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Clinical Investigations: SURGERY |

Lung Volume Reduction Surgery vs Medical Treatment*: For Patients With Advanced Emphysema

John D. Miller, MD, FCCP; Robert L. Berger, MD; Richard A. Malthaner, MD, FCCP; Bartolome R. Celli, MD, FCCP; Charles H. Goldsmith, PhD; Edward P. Ingenito, MD, FCCP; David Higgins, MD; Peter Bagley, MD, FCCP; Gerard Cox, MB, FCCP; Cameron D. Wright, MD, FCCP
Author and Funding Information

Affiliations: *From McMaster University (Drs. Miller, Goldsmith, Higgins, and Cox), Hamilton, ON, Canada; the Harvard Medical School (Drs. Berger, Ingenito, and Wright), Boston, MA; the University of Western Ontario (Dr. Malthaner), London, ON, Canada; Tufts University School of Medicine (Dr. Celli), Boston, MA; and the University of Massachusetts School of Medicine (Dr. Bagley), Worcester, MA.,  A list of centers and individuals participating in the CLVR-OBEST Study Group is located in the Appendix.

Correspondence to: Robert L. Berger, MD, 60 Heath St, Brookline, MA 02445; e-mail: robert_berger@hms.harvard.edu



Chest. 2005;127(4):1166-1177. doi:10.1378/chest.127.4.1166
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Objective: To contribute to the knowledge on the therapeutic value of lung volume reduction surgery (LVRS).

Design: Two similar, independently conceived and conducted, multicenter, randomized clinical trials.

Setting: The Canadian Lung Volume Reduction (CLVR) study and the Overholt-Blue Cross Emphysema Surgery Trial (OBEST).

Methods: Using a fixed-effects meta-analysis, the 6-month results produced by the addition of LVRS to optimal medical therapy were compared to those obtained from optimal medical therapy alone. Patients were required to have severe emphysema, marked airflow limitation (ie, FEV1, 15 to 40% predicted), hyperinflation (total lung capacity [TLC], > 120% predicted), CO2, < 55 mm Hg, and measurable dyspnea (chronic respiratory disease questionnaire [CRDQ] scores ≤ 4 for the CLVR study, or Medical Research Council dyspnea scale ≥ 1 for the OBEST). Optimal medical therapy included pulmonary rehabilitation in both arms of both studies.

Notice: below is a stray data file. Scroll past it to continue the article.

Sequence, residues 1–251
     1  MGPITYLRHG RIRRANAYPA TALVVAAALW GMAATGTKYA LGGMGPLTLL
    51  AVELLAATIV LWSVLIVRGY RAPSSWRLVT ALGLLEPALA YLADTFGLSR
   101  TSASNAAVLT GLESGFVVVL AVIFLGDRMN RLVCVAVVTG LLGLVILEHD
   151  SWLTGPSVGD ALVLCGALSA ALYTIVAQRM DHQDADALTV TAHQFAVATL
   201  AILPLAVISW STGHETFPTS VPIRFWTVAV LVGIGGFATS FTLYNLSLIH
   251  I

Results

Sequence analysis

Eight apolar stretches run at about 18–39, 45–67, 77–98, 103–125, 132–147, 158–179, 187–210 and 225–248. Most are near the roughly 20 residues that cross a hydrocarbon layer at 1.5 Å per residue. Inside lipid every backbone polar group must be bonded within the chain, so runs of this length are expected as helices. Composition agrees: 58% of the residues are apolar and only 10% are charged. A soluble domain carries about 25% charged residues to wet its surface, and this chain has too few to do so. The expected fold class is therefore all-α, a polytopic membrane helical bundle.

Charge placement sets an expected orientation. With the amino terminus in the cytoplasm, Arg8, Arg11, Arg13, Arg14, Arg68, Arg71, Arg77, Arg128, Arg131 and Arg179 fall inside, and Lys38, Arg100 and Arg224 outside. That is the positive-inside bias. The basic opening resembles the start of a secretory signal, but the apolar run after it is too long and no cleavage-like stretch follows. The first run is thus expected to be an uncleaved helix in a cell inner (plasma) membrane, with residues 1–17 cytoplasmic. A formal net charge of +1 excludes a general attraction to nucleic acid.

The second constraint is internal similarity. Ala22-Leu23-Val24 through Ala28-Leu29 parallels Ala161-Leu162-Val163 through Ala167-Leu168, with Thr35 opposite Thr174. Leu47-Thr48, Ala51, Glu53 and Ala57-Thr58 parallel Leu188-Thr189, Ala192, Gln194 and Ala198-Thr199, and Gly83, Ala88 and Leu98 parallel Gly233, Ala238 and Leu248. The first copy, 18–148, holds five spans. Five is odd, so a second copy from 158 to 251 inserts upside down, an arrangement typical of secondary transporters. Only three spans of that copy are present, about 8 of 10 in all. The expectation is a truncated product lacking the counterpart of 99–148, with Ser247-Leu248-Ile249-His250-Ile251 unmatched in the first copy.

Results: The CLVR study randomized 58 patients and the OBEST randomized 35 patients for a total of 93 patients. Of these, 54 patients were randomized to undergo surgery, and 39 patients were randomized to receive medical treatment. The 6-month mortality rate (including operative mortality) in the surgical and medical cohorts was similar (5.6% vs 5.1%, respectively). A comparison of the medical and surgical arms of the combined CLVR study/OBEST population showed that LVRS was associated with a higher FEV1 (167 mL or 24% predicted; 95% confidence interval [CI], 29 to 304; p = 0.017), lower residual volume (−1,342 mL or 24.5% predicted; 95% CI, −1,844 to −840; p < 0.001), lower TLC (−1,044 mL or 13% predicted; 95% CI, −1483 to −605; p < 0.001), and higher 6-min walk distance (148.8 feet; 95% CI, 24.3 to 273.2; p = 0.019). Each domain of the CRDQ showed statistically significant improvement in the surgical arm of the study, but not in the medical arm. The summary physical component scale of the Medical Outcomes Study 36-item short form (SF-36) was also more favorable in the LVRS cohort (6.9; 95% CI, 2.86 to 10.90; p < 0.001). The summary mental component scale of the SF-36 did not show a statistically significant difference between the two groups.

Conclusion: Six months after randomization, LVRS produced better palliation than optimal medical therapy in patients with advanced emphysema.

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